In a memo sent to employees this week the company said the plan had $900 million in assets at the beginning of October, only enough to pay 90% of the benefits accrued by employees under the pension plan.
In the memo the company said the plan, which was over-funded at the end of last year, has suffered from the decline in the stock market this year.
The company also blamed the plight of the pension plan on two recent rounds of layoffs, which are intended to bring total employment from 8,865 in December to about 5,500 by the end of 2002. The layoffs increased the payout volume of the plan, according to the memo.
The company has retained specialists who are reviewing the plan and will recommend a course of action that is in the best interest of all pension holders.
Pension plans often solve their funding problems by making additional cash contributions. Unfortunately that option may not by open to cash-strapped Polaroid, which owes about $950 million to banks and bondholders.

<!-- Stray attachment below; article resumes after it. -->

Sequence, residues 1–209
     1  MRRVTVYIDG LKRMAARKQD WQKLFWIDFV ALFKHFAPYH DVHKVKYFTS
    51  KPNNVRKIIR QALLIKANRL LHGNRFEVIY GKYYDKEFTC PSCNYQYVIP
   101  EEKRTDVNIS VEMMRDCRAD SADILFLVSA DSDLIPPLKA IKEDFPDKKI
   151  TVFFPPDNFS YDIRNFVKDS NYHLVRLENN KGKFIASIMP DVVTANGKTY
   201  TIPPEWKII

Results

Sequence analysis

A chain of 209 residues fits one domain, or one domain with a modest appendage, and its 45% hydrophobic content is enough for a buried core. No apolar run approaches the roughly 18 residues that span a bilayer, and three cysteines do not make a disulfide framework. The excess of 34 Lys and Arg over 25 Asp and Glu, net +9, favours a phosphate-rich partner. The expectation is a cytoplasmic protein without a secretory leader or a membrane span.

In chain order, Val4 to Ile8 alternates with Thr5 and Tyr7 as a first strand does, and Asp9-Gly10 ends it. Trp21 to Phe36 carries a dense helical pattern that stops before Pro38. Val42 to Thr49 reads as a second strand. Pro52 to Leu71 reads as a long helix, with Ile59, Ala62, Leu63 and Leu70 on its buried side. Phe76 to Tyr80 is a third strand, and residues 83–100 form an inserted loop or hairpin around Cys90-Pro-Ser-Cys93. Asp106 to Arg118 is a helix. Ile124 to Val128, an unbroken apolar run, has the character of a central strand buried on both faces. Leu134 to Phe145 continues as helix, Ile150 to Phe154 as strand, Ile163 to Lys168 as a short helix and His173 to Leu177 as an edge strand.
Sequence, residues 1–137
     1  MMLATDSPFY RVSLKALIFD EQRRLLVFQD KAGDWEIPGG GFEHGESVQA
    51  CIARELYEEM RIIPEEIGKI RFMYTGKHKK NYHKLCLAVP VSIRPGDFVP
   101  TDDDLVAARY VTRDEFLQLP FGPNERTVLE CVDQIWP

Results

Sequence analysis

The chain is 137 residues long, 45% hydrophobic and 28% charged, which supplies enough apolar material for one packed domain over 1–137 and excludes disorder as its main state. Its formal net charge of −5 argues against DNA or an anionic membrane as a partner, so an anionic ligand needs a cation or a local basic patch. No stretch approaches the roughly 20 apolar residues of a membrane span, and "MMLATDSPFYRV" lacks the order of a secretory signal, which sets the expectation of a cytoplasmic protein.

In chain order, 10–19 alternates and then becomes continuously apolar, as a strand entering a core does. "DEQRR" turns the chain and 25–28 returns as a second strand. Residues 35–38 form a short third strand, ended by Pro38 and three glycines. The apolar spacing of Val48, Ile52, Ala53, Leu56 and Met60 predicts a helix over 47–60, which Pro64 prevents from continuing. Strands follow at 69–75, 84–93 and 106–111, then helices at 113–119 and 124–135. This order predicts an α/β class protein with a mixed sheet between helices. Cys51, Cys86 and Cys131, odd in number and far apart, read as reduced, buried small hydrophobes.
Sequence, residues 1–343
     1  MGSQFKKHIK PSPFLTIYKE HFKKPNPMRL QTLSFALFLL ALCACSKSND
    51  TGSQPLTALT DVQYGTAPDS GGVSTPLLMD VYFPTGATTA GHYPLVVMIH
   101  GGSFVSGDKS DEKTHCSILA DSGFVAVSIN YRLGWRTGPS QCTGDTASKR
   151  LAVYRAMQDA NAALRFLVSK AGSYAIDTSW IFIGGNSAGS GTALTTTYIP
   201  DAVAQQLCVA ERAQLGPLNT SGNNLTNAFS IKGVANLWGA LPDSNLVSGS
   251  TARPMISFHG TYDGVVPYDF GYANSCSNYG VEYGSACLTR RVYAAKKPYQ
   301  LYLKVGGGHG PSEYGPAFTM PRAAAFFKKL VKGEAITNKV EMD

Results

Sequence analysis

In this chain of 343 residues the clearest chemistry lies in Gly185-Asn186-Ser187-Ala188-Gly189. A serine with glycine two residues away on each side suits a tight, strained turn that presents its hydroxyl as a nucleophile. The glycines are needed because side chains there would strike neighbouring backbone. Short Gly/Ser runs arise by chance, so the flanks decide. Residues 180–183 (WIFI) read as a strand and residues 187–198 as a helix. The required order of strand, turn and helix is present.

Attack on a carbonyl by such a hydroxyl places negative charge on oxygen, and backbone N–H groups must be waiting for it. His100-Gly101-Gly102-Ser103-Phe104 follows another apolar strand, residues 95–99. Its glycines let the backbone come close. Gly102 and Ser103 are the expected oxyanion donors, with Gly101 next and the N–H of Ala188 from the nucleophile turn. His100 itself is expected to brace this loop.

The pension shortfall is more bad news on the benefits front for Polaroid employees, who recently saw their co-payments for health insurance increasing to about 50% of the total premium, up from about 20%.
Polaroid also offers its employees a 401(k) plan, a company cash contribution, and a mandatory employee stock ownership plan. The savings plan also has suffered enormous losses. The total investments in the plan declined from $858.7 million at the close of 1999, to $698.5 million a year later, a drop of 19%.
That decline included a 67% drop in the value of Polaroid shares held by the plan, to $45.7 million from $138.3 million. Since their high in mid-1997 of about $60, the shares have lost more than 99% of their value.
According to several sources cited by the Boston Globe, employees and retirees who recently tried to liquidate or transfer their savings plan holdings were told the accounts were frozen at Polaroid’s request because of problems with the “cash portion” of the account.
– Camilla Klein email@example.com